Trade, investment and innovation were topics of discussion on March 14 when representatives of the Hong Kong Economic and Trade Office stopped by the California Chamber of Commerce.
Director Ivanhoe Chang and Deputy Director C.T. Wong met with CalChamber President and CEO Allan Zaremberg and Vice President for International Affairs Susanne T. Stirling.
Hong Kong is highly ranked in several leading surveys on competitiveness, financial development, economic freedom, and ease of doing business. Hong Kong is one of the world’s largest trading entities and has a busy air cargo hub.
Trade and Investment
The United States has substantial economic ties with Hong Kong. A report done by the U.S. State Department in February 2015 indicates that there are some 1,400 U.S. firms and approximately 85,000 U.S. residents in Hong Kong.
The latest available figures show U.S. direct investment in Hong Kong at about $64 billion, making the United States one of Hong Kong’s largest investors.
Trade between the United States and Hong Kong has been multiplying in the last few years, with a growth in U.S. exports from $21.1 billion in 2009 to $34.9 billion in 2016. Total trade between the United States and Hong Kong totaled $42 billion in 2016, according to the U.S. Department of Commerce.
Hong Kong is the ninth largest export destination for California, which exported approximately $9.6 billion in goods to Hong Kong in 2016.
The top category of California exports to Hong Kong was computer and electronic products (47.3%), totaling $4.5 billion. Miscellaneous manufactured commodities, agricultural products, and primary metal were the other top California export categories to Hong Kong, representing 14.5%, 12.5% and 4.9% respectively.
One Belt, One Road Initiative
The One Belt, One Road initiative, launched in 2013 by Chinese President Xi Jinping, was also a topic of discussion. The initiative is an ambitious effort to foster global trade and economic development through a call for massive investment in and development of trade routes throughout Eurasia.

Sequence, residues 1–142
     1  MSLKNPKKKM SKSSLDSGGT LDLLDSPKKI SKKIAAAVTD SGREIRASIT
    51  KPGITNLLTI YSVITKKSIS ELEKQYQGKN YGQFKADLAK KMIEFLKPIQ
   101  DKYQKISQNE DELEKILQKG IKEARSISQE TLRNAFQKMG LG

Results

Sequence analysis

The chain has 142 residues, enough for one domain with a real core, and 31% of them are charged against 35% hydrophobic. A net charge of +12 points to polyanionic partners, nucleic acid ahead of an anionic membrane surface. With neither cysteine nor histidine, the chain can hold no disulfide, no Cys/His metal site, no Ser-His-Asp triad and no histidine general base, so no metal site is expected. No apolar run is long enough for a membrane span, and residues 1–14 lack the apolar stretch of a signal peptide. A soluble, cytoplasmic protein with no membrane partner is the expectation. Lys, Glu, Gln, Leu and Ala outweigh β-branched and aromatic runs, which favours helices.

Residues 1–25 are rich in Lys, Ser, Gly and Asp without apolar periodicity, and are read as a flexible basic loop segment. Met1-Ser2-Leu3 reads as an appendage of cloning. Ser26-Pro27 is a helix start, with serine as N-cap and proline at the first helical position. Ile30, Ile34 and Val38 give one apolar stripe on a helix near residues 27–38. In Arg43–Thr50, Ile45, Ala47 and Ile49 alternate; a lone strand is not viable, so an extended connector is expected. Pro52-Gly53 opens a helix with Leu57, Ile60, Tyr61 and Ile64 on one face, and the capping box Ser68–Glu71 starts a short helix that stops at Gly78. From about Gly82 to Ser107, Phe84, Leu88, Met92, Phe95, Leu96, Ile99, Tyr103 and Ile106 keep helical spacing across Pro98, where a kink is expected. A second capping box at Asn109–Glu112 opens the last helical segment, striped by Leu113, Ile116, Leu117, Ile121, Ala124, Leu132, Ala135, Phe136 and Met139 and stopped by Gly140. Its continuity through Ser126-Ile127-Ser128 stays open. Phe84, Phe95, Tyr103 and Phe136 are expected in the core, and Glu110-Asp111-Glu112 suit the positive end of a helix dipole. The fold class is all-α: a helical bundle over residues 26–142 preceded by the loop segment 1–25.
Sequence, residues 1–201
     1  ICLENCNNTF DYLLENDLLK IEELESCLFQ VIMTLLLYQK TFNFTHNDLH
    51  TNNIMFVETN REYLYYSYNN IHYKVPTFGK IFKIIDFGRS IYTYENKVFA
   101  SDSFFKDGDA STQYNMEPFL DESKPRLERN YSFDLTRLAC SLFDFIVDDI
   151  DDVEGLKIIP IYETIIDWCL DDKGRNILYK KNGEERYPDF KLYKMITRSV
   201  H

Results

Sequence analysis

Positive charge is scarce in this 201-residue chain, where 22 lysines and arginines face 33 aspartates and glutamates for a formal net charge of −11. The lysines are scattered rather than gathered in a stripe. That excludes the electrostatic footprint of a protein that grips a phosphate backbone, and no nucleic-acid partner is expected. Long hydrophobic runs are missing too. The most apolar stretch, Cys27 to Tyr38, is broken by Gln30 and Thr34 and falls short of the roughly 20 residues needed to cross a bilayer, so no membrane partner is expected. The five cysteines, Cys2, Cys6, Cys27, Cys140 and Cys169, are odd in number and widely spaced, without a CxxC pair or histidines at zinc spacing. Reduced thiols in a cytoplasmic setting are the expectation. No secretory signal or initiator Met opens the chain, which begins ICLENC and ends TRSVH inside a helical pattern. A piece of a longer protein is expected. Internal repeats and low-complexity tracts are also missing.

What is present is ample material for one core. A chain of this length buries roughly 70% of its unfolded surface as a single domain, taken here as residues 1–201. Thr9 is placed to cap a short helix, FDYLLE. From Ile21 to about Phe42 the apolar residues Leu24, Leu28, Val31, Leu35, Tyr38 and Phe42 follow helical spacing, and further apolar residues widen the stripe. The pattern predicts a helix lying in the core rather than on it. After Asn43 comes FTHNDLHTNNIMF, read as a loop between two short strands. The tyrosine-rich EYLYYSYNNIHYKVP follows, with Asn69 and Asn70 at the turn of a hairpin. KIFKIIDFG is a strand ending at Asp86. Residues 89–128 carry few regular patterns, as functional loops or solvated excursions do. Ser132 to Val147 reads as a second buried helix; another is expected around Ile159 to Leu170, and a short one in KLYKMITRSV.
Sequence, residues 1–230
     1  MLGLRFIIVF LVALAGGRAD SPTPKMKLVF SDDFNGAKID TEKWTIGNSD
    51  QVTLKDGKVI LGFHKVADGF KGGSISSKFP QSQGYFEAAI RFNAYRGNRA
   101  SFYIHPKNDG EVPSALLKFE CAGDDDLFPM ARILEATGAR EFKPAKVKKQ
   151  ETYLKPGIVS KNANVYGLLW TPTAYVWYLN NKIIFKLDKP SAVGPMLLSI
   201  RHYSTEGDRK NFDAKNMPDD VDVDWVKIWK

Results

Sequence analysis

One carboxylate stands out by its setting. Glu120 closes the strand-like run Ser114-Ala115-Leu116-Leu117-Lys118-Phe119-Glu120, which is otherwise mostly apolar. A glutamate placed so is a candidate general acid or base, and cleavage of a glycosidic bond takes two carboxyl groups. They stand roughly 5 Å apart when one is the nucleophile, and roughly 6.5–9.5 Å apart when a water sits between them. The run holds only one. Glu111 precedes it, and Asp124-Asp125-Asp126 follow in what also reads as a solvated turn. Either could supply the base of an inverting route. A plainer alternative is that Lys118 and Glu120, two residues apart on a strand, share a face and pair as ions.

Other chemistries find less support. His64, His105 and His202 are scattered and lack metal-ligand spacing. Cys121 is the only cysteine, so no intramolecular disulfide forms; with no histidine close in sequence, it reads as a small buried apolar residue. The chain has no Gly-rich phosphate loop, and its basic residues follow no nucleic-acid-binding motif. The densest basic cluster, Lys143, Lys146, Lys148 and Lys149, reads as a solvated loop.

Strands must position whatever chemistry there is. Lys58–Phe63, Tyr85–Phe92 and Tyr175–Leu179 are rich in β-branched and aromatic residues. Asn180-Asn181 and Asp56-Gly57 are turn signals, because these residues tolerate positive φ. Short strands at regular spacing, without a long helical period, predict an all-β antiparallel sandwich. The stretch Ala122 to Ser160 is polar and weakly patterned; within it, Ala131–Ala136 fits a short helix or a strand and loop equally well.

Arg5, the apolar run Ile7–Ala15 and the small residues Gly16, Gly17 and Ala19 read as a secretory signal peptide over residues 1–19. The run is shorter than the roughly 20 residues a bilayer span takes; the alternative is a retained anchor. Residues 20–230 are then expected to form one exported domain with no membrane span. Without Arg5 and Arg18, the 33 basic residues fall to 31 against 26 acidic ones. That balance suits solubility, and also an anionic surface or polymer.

Hong Kong and China have an agreement of One Country—Two Systems. In such an initiative, Hong Kong would be a major financial center.
The initiative has two parts: the belt and the road. The belt is the physical road over land, which would stretch from China through Europe and north to Scandinavia. What is referred to as the road is the maritime Silk Road, which covers about 65% of the world’s population today, one-third of the world’s gross domestic product (GDP), and about a quarter of all the goods and services that move throughout the world.
The route, stretching across Eurasia, would encompass more than 60 countries. The belt would be made up of overland roads, rail routes, oil and natural gas pipelines, and other infrastructure projects, such as airports. The road, the maritime route, will be made up of a network of planned ports and other coastal infrastructure projects that run from South Asia and Southeast Asia to East Africa and the northern Mediterranean Sea.
The plan is in the initial stages and has constraints such as geography, current trade patterns and massive funding requirements. It has the potential to be the world’s largest platform for regional collaboration.
For more information about Hong Kong, see the CalChamber portal at www.calchamber.com/HongKong.